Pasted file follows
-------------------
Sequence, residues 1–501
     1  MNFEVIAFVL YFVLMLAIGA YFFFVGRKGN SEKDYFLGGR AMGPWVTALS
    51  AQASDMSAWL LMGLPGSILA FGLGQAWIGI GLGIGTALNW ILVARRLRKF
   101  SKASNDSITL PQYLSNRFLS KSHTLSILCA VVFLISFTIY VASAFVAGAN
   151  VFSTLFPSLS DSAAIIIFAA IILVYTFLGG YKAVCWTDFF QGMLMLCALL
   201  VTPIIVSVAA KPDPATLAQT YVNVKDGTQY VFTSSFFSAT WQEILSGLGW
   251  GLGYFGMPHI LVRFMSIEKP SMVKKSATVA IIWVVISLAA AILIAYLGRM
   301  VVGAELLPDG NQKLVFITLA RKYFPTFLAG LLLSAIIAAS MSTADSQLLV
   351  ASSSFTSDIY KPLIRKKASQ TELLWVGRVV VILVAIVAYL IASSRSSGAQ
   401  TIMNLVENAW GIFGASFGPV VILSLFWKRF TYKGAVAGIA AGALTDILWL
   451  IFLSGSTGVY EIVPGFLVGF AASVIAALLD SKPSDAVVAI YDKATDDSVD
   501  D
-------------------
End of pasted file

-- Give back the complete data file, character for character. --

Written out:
Sequence, residues 1–501
     1  MNFEVIAFVL YFVLMLAIGA YFFFVGRKGN SEKDYFLGGR AMGPWVTALS
    51  AQASDMSAWL LMGLPGSILA FGLGQAWIGI GLGIGTALNW ILVARRLRKF
   101  SKASNDSITL PQYLSNRFLS KSHTLSILCA VVFLISFTIY VASAFVAGAN
   151  VFSTLFPSLS DSAAIIIFAA IILVYTFLGG YKAVCWTDFF QGMLMLCALL
   201  VTPIIVSVAA KPDPATLAQT YVNVKDGTQY VFTSSFFSAT WQEILSGLGW
   251  GLGYFGMPHI LVRFMSIEKP SMVKKSATVA IIWVVISLAA AILIAYLGRM
   301  VVGAELLPDG NQKLVFITLA RKYFPTFLAG LLLSAIIAAS MSTADSQLLV
   351  ASSSFTSDIY KPLIRKKASQ TELLWVGRVV VILVAIVAYL IASSRSSGAQ
   401  TIMNLVENAW GIFGASFGPV VILSLFWKRF TYKGAVAGIA AGALTDILWL
   451  IFLSGSTGVY EIVPGFLVGF AASVIAALLD SKPSDAVVAI YDKATDDSVD
   501  D